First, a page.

“I’ve Got My Mojo Working” was actually written long before Muddy Waters recorded it, and it remains one of the most highly litigated songs in history.  The song was actually written by Preston Foster, and famously performed by Ann Cole which is where Waters first heard the song.  Waters altered the lyrics slightly and attempted to copyright this “second” version.  For years, the sides went back and forth or the legality, and in the end, both songs were given separate copyrights.  While the studio recording that caused this legal battle is fantastic, it simply cannot compare to the power that is found in the At Newport version.  Waters voice has rarely sounded better, as he schools the audience with this unmistakable sound, bringing equal amounts of soul and delight.  It is also within this live performance that one becomes aware of the amazing stage presence of Waters, as he clearly has the entire crowd in the palm of his hand, and in some ways, after hearing the “first” part of the song, the encore call is a bit less surprising.  Waters truly shows off every part of his phenomenal voice, and it is moments like “I’ve Got My Mojo Working” where he makes his case as one of the greatest performers of all time.  Though the song is best known as the breakthrough moment for jazz, the overall performance of Muddy Waters was also unquestionably a lesson to all other bluesmen in “how” to blow away an audience.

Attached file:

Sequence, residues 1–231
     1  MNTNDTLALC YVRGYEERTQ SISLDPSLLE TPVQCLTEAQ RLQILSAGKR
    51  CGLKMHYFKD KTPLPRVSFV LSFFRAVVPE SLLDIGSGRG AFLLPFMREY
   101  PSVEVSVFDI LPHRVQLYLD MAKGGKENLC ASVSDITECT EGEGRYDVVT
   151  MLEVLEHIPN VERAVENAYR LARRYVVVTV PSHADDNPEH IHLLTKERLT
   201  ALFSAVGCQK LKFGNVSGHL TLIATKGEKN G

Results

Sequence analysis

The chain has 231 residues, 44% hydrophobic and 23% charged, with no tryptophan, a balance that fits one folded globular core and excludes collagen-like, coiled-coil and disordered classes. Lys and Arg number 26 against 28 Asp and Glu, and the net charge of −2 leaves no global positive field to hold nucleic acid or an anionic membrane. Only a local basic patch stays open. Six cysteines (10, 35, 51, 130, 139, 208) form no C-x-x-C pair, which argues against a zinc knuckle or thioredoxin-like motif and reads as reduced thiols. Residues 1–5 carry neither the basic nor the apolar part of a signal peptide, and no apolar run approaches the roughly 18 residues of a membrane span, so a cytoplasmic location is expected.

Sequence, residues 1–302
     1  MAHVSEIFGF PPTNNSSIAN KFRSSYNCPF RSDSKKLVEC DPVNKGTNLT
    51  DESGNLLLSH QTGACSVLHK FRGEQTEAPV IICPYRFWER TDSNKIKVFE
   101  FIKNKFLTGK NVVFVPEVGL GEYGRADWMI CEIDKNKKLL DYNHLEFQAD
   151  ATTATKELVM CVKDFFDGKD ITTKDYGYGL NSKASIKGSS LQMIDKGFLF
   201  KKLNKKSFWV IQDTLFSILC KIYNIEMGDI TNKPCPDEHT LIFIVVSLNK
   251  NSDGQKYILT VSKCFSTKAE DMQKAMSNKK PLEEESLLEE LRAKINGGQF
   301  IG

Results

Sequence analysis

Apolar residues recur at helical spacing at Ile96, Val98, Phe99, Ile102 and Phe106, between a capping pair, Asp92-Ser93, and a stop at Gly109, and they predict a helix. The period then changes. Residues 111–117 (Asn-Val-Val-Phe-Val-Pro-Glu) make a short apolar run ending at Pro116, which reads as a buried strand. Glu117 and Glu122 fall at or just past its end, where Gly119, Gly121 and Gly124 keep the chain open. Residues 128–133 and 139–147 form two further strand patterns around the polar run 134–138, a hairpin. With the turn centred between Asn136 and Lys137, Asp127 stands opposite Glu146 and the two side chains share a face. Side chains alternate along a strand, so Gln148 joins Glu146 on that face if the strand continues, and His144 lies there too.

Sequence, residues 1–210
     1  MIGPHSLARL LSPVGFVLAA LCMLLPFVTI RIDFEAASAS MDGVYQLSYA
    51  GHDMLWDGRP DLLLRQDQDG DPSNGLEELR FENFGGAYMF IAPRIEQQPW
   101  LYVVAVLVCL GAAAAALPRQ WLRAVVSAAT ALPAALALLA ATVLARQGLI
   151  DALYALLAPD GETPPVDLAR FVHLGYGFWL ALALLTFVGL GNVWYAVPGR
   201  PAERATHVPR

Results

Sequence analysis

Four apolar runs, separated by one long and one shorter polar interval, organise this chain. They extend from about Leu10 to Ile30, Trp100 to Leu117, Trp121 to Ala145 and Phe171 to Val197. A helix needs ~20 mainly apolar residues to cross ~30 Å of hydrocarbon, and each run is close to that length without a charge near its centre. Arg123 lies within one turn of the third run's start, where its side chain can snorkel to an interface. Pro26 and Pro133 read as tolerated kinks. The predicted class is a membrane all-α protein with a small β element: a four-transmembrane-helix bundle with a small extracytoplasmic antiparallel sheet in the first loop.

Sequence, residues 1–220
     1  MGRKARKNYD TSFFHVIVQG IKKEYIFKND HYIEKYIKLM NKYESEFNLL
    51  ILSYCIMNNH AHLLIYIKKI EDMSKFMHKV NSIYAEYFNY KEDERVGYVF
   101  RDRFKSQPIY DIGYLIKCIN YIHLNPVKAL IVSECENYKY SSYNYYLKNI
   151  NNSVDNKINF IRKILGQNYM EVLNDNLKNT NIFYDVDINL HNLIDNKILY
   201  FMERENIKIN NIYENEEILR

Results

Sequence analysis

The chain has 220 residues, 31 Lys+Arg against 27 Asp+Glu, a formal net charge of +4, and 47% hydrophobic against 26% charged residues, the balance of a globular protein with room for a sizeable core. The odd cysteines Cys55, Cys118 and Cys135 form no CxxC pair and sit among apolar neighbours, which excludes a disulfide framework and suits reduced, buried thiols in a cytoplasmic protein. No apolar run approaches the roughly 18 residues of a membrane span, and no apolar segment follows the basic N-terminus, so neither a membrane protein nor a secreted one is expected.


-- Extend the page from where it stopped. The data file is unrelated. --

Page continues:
One of the most difficult things about historical moments, is that a majority of them do not receive such a title until AFTER they have occurred.  This often presents a large issue when it comes to properly documenting said event, and in most cases, the recounting are second hand, or at the least, questionable.  However, back in 1960, there was thankfully someone with the foresight to “hit record” when Muddy Waters hit the stage at the Newport Jazz Festival, and what followed forever altered the musical landscape.  With Waters winning over the audience quickly, blues exploded across the world, and after hearing the recording, released as At Newport, one can understand why he had such a massive impact.  While there is not a bad moment anywhere on the recording, it is the final few minutes of his set, where he trots out “I’ve Got My Mojo Working” that certainly sent the audience home with something to talk about.  Each of the members of the band are completely tuned in to one another, and this song not only made headway for blues, but one cannot deny the rock and roll feel that the song also possesses.  From the high-octane music to Waters’ stunning stage presence, one simply must experience “I’ve Got My Mojo Working” firsthand to properly appreciate and understand why it demands such an exalted place within the long history of recorded music.